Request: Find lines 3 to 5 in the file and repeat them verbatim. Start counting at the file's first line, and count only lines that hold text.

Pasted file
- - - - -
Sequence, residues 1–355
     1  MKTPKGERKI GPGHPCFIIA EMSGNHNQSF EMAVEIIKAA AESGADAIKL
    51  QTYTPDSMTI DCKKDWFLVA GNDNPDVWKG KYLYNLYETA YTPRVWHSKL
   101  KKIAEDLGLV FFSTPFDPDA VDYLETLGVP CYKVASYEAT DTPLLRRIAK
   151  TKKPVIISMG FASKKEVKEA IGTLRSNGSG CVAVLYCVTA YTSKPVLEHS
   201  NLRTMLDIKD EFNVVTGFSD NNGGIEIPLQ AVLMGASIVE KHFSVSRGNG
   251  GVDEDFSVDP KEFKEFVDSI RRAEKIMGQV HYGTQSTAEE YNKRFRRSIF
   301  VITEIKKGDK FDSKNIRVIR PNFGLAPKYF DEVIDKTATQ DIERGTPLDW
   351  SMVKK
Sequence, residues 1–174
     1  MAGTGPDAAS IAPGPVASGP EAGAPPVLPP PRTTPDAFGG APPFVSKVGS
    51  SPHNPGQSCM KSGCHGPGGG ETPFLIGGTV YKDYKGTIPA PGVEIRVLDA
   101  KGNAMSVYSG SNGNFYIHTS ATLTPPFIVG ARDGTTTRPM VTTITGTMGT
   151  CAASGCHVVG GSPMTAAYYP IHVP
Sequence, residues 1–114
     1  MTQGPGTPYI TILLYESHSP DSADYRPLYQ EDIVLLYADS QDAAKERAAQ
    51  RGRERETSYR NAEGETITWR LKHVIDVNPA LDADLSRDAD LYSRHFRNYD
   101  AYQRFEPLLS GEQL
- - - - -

    51  QTYTPDSMTI DCKKDWFLVA GNDNPDVWKG KYLYNLYETA YTPRVWHSKL
   101  KKIAEDLGLV FFSTPFDPDA VDYLETLGVP CYKVASYEAT DTPLLRRIAK
   151  TKKPVIISMG FASKKEVKEA IGTLRSNGSG CVAVLYCVTA YTSKPVLEHS